Published March 1, 2006

In an effort to better combine the editorial content of our magazine with our newly developed and retooled on-line presence, we have decided to expand Harlan's RF and microwave engineering advice into a monthly feature that appears in Microwave Journal.

Harlan has selected one question from his "Ask Harlan" column to be featured in the March issue. Harlan will be monitoring the responses and will ultimately choose the best answer to the question. Although all of the responses to the featured question will be posted on our web site, we plan to publish the winning answer in the May issue.

You be the expert: The answers to the March Question of the Month are below

Richard Chong from Asia Satellite Telecommunications Co. Ltd. has submitted the March question:

Dear Harlan,
I recently came across the term "modulation loss" in the receiver portion shown in the (satellite) link budget. When I check my resources, however, I cannot find a proper definition. Here are my questions:

1. What is the definition of "modulation loss"?
2. Is there a theoretical number associated with each type of modulation scheme (or just a receiver type dependent number)?
3. Where can I locate a table summarizing the "theoretical" modulation loss versus types of modulations, if any?

From: Randolph Kallas, Kallas Consulting

1. Yes, there is a precise definition: "The amount of available signal power for a particular channel which is passed by the INPUT SYSTEM RESPONSE, relative to TOTAL RECEIVED POWER, is called the MODULATION LOSS for that particular channel (MLch)."

2. There are theoretical expressions available that enable one to calculate MLch for the channel and are dependent upon the modulation process (for example, FM or PM) that is being used. Since FM and PM are both forms of what is generally referred to as ANGLE MODULATION, the MLch, in this case, is represented by products involving J0 and J1, where: J0, J1 = Bessel functions, first kind; zero and first order, respectively. See Schwartz, Bennett and Stein, Communication Systems and Techniques, McGraw-Hill, 1966, Ch. 5, for a discussion of angle modulation (FM, PM) in general and transmission through a linear network (for example, channel) in particular.

3. One may use the Bessel function representations of #2 above, but while working on the Shuttle Program in the '70s, I acquired a copy of the Apollo Comm Link Models which contained the appropriate expression, which I still have occasion to use every now and then.

From: Amir Mohammad Kherzri, IUST

Modulation loss is the amount of decreasing in power level after modulating a wave than before it.

From: Xie Maoxu, ZTEIT

The "modulation loss" is the ratio between the output signal power of a certain modulation system and the input signal power of this system. I also hope to know the answers to parts two and three of the question.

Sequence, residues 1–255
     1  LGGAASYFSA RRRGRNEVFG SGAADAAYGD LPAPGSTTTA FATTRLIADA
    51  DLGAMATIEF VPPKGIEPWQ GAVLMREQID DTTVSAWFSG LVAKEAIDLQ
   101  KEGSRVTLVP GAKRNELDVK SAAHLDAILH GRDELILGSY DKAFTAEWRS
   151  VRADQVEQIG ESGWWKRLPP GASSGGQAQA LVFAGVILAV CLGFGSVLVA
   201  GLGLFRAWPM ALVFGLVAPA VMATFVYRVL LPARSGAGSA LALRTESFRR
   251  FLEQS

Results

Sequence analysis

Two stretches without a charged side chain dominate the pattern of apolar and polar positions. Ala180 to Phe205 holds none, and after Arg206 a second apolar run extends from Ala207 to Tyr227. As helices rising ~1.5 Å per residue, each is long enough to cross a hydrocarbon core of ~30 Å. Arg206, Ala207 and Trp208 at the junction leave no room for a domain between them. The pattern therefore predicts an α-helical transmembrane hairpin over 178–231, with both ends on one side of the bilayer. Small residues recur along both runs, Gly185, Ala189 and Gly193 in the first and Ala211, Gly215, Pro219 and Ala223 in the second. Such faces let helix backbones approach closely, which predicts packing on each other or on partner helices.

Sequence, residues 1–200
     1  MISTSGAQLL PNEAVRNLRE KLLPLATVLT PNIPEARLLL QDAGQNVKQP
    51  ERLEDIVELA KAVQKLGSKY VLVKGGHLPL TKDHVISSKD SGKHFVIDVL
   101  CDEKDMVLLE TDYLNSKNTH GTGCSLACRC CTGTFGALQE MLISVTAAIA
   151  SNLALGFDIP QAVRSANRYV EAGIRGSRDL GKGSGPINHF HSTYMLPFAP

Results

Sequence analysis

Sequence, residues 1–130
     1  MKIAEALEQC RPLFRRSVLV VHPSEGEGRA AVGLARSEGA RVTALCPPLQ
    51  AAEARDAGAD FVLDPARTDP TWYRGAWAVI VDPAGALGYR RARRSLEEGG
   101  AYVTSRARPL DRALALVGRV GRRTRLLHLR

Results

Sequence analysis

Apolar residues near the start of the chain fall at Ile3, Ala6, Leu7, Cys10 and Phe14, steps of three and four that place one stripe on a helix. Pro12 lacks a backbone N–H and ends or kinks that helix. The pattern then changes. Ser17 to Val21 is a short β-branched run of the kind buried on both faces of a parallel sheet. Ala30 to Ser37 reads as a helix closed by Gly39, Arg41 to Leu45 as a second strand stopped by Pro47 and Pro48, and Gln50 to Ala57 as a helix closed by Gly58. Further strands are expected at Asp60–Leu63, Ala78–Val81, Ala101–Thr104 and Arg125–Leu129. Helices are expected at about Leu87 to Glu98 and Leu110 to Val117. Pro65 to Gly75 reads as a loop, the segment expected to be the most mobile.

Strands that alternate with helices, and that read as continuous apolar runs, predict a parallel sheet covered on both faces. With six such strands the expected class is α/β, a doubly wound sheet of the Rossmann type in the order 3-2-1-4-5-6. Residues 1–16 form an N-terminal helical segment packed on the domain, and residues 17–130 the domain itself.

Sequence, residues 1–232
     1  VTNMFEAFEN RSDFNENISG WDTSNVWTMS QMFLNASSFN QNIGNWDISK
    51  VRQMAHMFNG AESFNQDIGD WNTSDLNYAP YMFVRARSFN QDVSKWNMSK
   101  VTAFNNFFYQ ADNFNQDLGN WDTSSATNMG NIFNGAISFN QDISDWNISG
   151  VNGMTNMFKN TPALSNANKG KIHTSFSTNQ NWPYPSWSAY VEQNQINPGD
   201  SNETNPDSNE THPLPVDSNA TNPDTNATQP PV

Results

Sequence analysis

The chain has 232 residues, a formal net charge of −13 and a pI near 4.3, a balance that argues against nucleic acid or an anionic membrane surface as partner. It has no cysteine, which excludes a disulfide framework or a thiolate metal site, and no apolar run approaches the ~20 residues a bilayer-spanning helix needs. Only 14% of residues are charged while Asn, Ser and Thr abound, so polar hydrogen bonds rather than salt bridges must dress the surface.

From: David Cacciaglia, Space Ground System Solutions

Modulation loss on a satellite downlink is caused by multiple services present on the downlink. The total received signal power is apportioned among the services. My experience is with the Air Force Satellite Control Network (AFSCN) SGLS configuration. In the basic case there would be Telemetry on a sub-carrier and ranging both PM modulated on the carrier. The signal power is divided between carrier, telemetry and ranging. The modulation loss is computed for each and then subtrated from the total power to give the actual power for the service being budgeted for. The best reference is document SIS-000502 by AFSCN.

From: Gopalan Sampath, DoD Australia

1. Modulation loss could be the conversion loss in the mixer process. Since the term appears in the satellite link budget it could also be the front-end converter loss if the budget includes the term IF-signal to noise.

2. As such there is no loss in any modulation process except in wideband FM systems as is used in satellite links.

3.The FM detection is characterized by an "FM advantage" factor used to arrive at the baseband signal to noise.

From: Tharaka Perera, Millennium Information Technologies

1. The reason for the modulation loss is the ever-existing imperfections of the modulators that we use. As we all know, we cannot guarantee that our local oscillator will provide a perfect pure tone all of the time. Certainly not in real world applications. Hence, apart from the desired local oscillator signal there can be other harmonics present with that. When these are multiplied with the incoming message signal, it will result in unwanted harmonics in the output containing finite amounts of power when compared with the desired output power. This unwanted power distribution variation is what we call the modulation loss.

2. Yes. Theoretically, there are infinite amounts of unwanted harmonics that can be present in the output but only the third harmonic contains more power. Then the fifth harmonic, seventh harmonic and so on.

3. I have not come across such a table.

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